The third book is the one Eric is reading in book one. "The Kill" tells of a mysterious serial killing in Naples of an American student which is made into a novel and then a film. The story is like a Russian doll and is full of layers and textures. In book four, one character notes that this book is "not a very good book" and that's a little harsh although you have to worry when a character describes a quarter of your book as not that good. It's technically complex and clever, but doesn't necessarily make for a great read and as a central part to the project does, for me, struggle to live up to the mysterious role it has in the book as a whole.

The final book, "The Hit" is just plain creepy and concerns a reclusive man apparently trying to kill one of the men suspected of being the still missing Sutler. By this time I was feeling that the whole thing had been stretched about as far as it could go and the failure of House to tie up any number of lose ends is a little frustrating but one that will probably make those who loved the book more than I did somewhat evangelical about its structure.

Perhaps the quotation from the book that sums the piece up best comes late on when one character says: "It isn't the story at all, but the conviction with which it is delivered. The money is something else, a distraction". House delivers his stories with conviction.

It's certainly very clever. Although each book does stand alone, if you were to read them separately, I would make sure you read them in order. In my view, if you read the first two books in the series, you will have extracted the very best elements of the project though and any lose ends to the story remain that way even after 1000 plus pages.
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on 5 July 2014
this is essentially three novels with the quest to find out who the victim is and who the ultimate perpetrator is of a murder - the hyper links to mini-videos and sound tracks is ingenious and definitely part of the allure despite its being cumbersome to use (I kept losing my place on the kindle i read it on, or when i read it on my iPad, i had to keep finding my place again and again - never mind) - the opening novella was utterly engrossing partially because i was getting used to the gimmick of the multi media; the lengthy middle section among soldiers is complex, gritty and moving, just too long - and the only women are the wives left at home reflected in their husband's recounting of events. i only got part way into the third section - it is sort of way too long - but very competent and adept writing, vignettes and characters- and sometimes i am only too aware that there's contrivance and extra features involved...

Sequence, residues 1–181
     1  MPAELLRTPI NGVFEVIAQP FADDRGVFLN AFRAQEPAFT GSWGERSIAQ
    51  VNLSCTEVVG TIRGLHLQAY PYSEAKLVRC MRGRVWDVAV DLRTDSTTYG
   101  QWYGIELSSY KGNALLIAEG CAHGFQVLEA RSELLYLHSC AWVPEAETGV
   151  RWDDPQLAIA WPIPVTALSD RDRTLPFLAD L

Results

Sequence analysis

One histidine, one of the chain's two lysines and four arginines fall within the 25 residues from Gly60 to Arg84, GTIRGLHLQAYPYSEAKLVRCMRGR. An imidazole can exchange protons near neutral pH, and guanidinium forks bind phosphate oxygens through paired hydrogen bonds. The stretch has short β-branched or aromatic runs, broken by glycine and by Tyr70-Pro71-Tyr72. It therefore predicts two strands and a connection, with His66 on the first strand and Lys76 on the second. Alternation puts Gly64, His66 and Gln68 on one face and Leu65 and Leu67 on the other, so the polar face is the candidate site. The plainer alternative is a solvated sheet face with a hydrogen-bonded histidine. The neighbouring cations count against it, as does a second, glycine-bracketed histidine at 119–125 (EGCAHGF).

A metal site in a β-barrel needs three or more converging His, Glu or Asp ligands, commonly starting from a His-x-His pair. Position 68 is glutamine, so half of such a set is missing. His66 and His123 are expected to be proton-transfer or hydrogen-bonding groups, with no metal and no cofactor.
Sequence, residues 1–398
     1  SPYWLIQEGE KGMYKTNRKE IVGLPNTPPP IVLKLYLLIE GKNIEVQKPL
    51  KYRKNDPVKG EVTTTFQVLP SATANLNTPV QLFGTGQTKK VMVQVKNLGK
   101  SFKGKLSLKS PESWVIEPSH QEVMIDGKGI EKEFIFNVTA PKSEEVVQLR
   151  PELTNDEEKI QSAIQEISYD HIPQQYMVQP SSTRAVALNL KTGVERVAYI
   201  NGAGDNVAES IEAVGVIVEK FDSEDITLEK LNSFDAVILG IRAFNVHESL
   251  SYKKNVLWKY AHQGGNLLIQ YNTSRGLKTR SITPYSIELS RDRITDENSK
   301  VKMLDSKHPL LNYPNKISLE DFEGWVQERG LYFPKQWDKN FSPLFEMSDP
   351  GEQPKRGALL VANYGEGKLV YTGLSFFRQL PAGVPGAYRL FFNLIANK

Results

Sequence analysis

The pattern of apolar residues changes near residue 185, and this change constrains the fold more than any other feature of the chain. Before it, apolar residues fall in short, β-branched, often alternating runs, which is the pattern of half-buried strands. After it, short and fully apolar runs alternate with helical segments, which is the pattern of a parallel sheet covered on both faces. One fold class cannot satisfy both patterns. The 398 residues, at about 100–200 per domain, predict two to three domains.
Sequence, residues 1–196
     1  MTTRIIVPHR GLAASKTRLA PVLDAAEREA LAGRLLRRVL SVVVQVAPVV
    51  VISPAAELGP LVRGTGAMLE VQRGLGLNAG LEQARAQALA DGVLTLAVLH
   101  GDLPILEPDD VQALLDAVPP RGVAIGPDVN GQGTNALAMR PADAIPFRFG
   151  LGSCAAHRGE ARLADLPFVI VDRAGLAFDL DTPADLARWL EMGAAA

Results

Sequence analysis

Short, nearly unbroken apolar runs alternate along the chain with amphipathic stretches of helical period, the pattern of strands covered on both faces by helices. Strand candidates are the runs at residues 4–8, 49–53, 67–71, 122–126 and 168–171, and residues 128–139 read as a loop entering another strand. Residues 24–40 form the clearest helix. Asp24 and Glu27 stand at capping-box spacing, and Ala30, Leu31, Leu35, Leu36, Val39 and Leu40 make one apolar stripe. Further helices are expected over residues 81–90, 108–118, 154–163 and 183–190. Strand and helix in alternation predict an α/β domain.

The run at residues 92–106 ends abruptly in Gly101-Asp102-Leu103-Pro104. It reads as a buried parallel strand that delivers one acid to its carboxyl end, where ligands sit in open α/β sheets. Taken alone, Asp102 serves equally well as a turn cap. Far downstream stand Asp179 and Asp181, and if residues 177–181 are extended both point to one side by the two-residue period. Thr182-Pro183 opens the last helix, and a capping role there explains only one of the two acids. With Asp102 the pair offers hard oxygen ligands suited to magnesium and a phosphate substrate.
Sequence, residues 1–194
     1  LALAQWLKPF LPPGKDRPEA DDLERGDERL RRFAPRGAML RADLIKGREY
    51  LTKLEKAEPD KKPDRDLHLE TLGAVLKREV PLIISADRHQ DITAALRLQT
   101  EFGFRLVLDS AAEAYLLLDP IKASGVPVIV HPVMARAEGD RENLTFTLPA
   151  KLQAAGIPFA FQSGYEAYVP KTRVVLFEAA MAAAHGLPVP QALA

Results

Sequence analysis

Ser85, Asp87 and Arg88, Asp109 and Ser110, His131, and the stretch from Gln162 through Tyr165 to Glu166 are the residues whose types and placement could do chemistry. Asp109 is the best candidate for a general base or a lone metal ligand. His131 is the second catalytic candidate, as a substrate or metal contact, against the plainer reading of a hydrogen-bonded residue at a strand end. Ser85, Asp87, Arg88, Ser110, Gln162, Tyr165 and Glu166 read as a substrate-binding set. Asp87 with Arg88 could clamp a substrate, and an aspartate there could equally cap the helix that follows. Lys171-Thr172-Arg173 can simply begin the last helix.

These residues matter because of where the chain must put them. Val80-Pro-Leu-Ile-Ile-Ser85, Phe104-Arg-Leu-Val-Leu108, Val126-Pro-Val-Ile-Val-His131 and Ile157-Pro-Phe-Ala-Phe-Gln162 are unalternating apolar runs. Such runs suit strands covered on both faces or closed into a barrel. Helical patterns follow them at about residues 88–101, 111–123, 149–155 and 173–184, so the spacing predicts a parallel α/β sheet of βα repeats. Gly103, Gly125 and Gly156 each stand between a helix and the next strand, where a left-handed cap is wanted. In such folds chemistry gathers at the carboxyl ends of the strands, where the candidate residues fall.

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on 19 October 2014
One section of the book is discussed in depth.

The Kills was enormously hyped on publication, as though it were a once-in-a-decade event. And yet Amazon reviewers seem lukewarm.
I decided to see for myself; & although not my favourite genre, being a complex, detailed, gritty, 'masculine' thriller I was quite enjoying it, in spite of finding it confusing at times. Until I got to the chapter or section 'Istanbul'.
I am talking here of the first book in the volume, Sutler. The protagonist, Sutler aka Ford, an innocent man who has been set up as a decoy by a powerful organisation, is fleeing through chaotic & inhospitable regions in the Middle East. He arrives in Istanbul, where, unknown to him, an earlier pursuer, a journalist, has (by extraordinary coincidence) caught up with him again. Sutler is desperate to change some travellers cheques into local currency & to this end walks round a busy commercial area. Hunted, in an alien environment unable to speak the language, terrified of being spotted again, he nevertheless decides to draw attention to himself by discussing his requirements loudly with traders!? I can only assume that the idea is to attract the attention of someone who can change the money, but this seems an enormous contradiction.